About Me
When singer Akriti Kakar tied the knot.

Listening to Akriti Kakar talk about her significant other feels like they’ve been together forever.

About Me
Kalki through the looking-glass

As we entered Amy Billimoria’s House of Design in Juhu, Mumbai, we knew we were not in Kansas anymore. The store exudes a happy feeling. From the décor of the store to the clothes housed within it, we could tell that this was going to be a departure from a traditional bridal makeover.

About Me
Sonam and Paras Modi share their marriage mantra…

We met at a common friend’s wedding in Lonavla, after which we started meeting almost twice a week with friends. We got along like a house on fire; it felt so comfortable talking to each other, it was like we were long lost friends. The initial courtship felt more like a game of hide and seek. We didn’t want to tell people yet as we were still getting to know each other.

To top
31 Aug

Rajkummar Rao: The leading man

Portraying extraordinary depth and versatility in his performances, RAJKUMMAR RAO is here to master the rules and change your definition of a Bollywood hero

On a comfortably grey and cosy Mumbai morning, Rajkummar Rao slips onto our set without any celebrity fanfare. With back-to- back releases, his PR machinery is revved up and though there’s enough reason for self- aggrandisement, Rajkummar is happy to just let his work do the talking. His performances have been positively received by critics and audiences alike. But Rajkummar is still becoming accustomed to his stardom, as he toggles between disbelief and gratitude. “When I moved to Mumbai in 2008, I experienced a culture shock. It’s a tough and expensive city to survive in,” he reveals speaking of his early days.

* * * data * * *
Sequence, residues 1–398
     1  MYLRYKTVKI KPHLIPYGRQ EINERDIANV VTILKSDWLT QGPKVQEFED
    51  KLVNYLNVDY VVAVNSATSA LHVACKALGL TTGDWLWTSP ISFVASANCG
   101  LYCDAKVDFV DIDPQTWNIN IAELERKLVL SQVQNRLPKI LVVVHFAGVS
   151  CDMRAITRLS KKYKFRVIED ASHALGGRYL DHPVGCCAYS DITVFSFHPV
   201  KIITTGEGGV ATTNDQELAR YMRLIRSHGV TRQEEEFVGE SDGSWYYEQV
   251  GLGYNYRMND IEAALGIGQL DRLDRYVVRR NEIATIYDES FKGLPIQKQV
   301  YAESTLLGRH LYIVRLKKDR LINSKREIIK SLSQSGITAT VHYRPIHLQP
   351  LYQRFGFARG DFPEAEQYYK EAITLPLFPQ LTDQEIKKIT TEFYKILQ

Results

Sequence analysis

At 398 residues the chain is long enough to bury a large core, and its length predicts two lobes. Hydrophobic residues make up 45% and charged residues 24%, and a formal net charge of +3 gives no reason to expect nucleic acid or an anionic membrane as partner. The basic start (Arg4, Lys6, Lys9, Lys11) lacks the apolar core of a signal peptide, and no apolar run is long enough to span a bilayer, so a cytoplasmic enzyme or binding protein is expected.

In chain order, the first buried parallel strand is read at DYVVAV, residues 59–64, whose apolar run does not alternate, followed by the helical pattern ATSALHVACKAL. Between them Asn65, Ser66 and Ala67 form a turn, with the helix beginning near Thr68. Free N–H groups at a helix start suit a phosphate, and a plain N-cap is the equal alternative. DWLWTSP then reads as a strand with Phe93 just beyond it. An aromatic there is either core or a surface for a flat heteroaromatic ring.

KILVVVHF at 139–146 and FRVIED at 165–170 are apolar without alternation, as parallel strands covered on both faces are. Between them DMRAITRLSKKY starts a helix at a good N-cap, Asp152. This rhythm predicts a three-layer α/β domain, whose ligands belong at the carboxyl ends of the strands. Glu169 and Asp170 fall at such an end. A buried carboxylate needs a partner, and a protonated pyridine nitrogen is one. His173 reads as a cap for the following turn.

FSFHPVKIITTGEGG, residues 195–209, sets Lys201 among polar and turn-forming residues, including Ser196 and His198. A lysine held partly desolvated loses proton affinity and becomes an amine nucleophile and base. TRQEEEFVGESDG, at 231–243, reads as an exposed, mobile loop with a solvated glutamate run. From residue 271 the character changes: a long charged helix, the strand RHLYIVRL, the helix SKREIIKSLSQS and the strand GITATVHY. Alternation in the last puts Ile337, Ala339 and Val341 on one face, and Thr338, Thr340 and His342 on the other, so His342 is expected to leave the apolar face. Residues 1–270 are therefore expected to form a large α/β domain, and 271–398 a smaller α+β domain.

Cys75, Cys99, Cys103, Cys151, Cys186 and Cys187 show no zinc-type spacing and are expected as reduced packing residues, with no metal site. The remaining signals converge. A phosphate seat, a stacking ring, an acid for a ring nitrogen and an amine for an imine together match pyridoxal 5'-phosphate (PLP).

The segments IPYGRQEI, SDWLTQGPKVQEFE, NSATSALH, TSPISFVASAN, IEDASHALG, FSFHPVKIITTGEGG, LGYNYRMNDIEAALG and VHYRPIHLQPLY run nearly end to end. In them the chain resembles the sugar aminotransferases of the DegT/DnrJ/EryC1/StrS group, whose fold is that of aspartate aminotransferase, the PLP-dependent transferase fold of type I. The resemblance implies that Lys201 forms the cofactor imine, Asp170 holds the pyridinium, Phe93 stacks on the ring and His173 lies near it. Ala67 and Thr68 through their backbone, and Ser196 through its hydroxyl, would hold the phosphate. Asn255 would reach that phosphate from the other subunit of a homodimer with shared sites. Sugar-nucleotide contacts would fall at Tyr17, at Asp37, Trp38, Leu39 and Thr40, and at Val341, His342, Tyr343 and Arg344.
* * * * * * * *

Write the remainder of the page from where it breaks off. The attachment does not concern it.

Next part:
His backstory is as suited to a Bollywood script as can be. A young boy with big movie star aspirations moves to the city with nothing but big dreams and an even bigger will to make it. “There are so many people who come to this city in the hopes of getting a break as an actor. And even though a number of films get made over here, the opportunities are slim; it’s not easy to break through in the industry. So, in hindsight, I feel blessed that I get to live my dream because there are so many people out there who want the same thing.” Rajkummar finds himself in a happy state of mind right now; and why not? His collaboration with cinema, thus far, has been breathtaking. His performances have always won accolades and Rajkummar’s name is now listed as one of the finest of our generation. But all this acclaim came at a price. “I have really worked hard to get here. It’s not like I chanced upon this career or was born into it. I did theatre in Delhi, worked on plays in college. I enrolled at the Film and Television Institute of India, where for two years, I simply breathed cinema. We were constantly discussing cinema, acting, actors, performances, the process of performance—all of that drove my passion for this job,” he shares. Those were hard days for the struggling actor, but Rajkummar knew that this was all he wanted to do. And he was not going to compromise.

JEWELLERY: Hazoorilal Legacy

“People usually assist on films or do other jobs around a set, but I didn’t want to find the comfort of any other job. I knew that this was the only job for me and no way was I going to try anything else. I just wanted to face the camera and so I kept at it. During my first two years here, I met a lot of agents and people for jobs. They, of course, wouldn’t have me audition for lead parts. They’d pitch the smaller roles. But, I’d just keep pursuing them and pitching myself. All I wanted was a chance to simply try. Sometimes they’d let me audition for the lead and the feedback would often be the same: the producer wants a certain star cast or they have a different idea of a leading man. I never felt demotivated though,” he recounts.